The room layout, style and accompanying props were initially thought out via mood boards and sketches prior to starting any 3D work. However, as the project progressed to creating the images, we realized some of the design choices we made in the early stages didn’t quite work out as imagined. It is so simple and fast to get a render on to Chaos Cloud; this meant that we could instantly see the results and manage any adjustments accordingly.
How did Chaos Cloud help you manage your data?
JC: We did have initial concerns about how we would manage all the data — each image was averaging about 1 GB in size as a single RAW EXR file containing all the layers we needed for post-production. To have absolute control, we utilized render elements such as Cryptomatte for masks, as well as V-Ray Denoiser and Light Mix — but these all added to the file size.
Chaos Cloud became our checklist — it was easy to identify what had been rendered so far and keep track of costs."
James Cutler, Mintviz
Like almost everyone at the moment, Paul and I are currently working from home. This proposed a potential issue as we would both need constant access to scenes files and the resulting renders. But Chaos Group managed this with ease and the ability to link up Google Drive made uploading scenes and downloading renders very efficient. We could both log into the same Chaos Cloud account and have real-time updates of who was doing what. Chaos Cloud became our checklist — it was easy to identify what had been rendered so far and keep track of costs.
Experience Chaos Cloud right now
Claim your 20 free credits — and find out how easy is it to render with Chaos Cloud.
What are some of the V-Ray tools you used to help streamline the production workflow?
JC: We worked with external CAD data sent by the manufacturer. Often these models are very basic, without finishing touches such as chamfered edges. Since we had hundreds of imported CAD models, to go through each one and manually apply chamfering was not really a viable option. V-Ray’s EdgesTex was perfect for this as it meant that we could easily add a chamfering effect via the material.
The Cryptomatte render element was also a feature we couldn’t have been without. This allowed us to automatically generate masks for every material in the scene. During post-production, we made sure that the wood finish in the final render matched the physical samples, so render masks were a very important part of our production workflow.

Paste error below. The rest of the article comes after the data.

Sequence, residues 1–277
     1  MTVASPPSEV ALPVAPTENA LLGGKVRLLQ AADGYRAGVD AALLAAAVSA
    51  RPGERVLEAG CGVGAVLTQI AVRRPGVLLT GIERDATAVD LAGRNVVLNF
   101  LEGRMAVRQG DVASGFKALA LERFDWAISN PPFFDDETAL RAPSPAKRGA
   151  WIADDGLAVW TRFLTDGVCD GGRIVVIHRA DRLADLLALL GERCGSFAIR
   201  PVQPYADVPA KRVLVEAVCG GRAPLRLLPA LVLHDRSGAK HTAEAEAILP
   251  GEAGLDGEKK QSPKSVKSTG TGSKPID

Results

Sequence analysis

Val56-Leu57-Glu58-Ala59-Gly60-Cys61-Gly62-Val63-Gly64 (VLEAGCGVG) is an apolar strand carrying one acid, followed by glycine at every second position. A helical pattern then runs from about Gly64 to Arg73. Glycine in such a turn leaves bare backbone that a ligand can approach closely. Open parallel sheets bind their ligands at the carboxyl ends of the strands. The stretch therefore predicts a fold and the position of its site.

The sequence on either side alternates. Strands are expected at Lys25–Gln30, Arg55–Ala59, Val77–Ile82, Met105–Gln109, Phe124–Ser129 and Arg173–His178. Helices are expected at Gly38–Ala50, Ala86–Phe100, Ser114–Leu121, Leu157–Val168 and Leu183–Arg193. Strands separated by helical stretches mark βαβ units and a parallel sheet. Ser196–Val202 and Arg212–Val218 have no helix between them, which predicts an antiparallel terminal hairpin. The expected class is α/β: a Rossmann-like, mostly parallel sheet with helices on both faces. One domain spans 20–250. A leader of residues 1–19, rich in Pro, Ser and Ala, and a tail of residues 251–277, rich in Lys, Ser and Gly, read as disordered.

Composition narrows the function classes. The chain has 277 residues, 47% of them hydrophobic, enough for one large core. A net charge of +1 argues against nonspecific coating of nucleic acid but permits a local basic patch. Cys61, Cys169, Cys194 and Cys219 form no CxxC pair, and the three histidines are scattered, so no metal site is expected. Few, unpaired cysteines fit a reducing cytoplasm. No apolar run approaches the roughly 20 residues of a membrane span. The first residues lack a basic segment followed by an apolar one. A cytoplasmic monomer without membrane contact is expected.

By using the Exr-IO plugin for Photoshop, we could open the RAW EXR render downloaded from Chaos Cloud and have all the masks and render elements as separate layers ready for us to work on in post-production.
How did you make use of V-Ray 5’s new VFB features?
JC: In total, we rendered around 1,000 images — a lot to get through! Any way to minimize the amount of time spent on each image in post-production would be a huge help to us.
One of the features of V-Ray 5 that we used extensively is Light Mix as part of the new VFB layering system. We designed a lighting rig for both scenarios that would get us 90% there, but we knew that some images would ultimately require a bit of tweaking. Perhaps altering a light here, reducing a highlight there, etc.
We didn’t want to have to go into each camera view manually, as we would end up with so many file variations with just subtle tweaks to the lighting. Light Mix enabled us to adjust lights post-render, which meant that we could just get all the renders up onto Chaos Cloud — even if there were lighting issues. Then we could simply open the RAW render inside the VFB and apply our lighting adjustments.
We could also adjust the exposure as some of the wood finishes were brighter than others and ended up being a little blown out. Being able to save the VFB corrections as a preset file was also a big advantage. Once we had done a few renders, we worked out a set of corrections that could be applied in batches, again speeding up the entire post-production process.
Because the image was pretty much complete right out of the VFB, so we only needed to do very minor tweaks in Photoshop. It was mostly just color-matching the wood samples because we needed the Cryptomatte masks for those.
We also took advantage of the new V-Ray 5 Material Library. While most materials were custom made, there were less-obvious parts of the model that you would only see from a distance or barely see at all. To have a library of ready-made materials such as simple plastics that we could just apply and know that they would come out OK was great, again speeding up our workflow.
What’s next for Mintviz?
JC: These past few months have certainly shaken things up but we have adapted well to the new normal and work is good. As I mentioned early on, we believe diversity in this current climate is important. We will continue to deliver what we do best but also take the time to try new things and adapt to different ways of working so that we are as prepared as we can be for whatever the future may hold for us.
V-Ray for 3ds Max: with you all the way
Find out more with a 30-day free trial.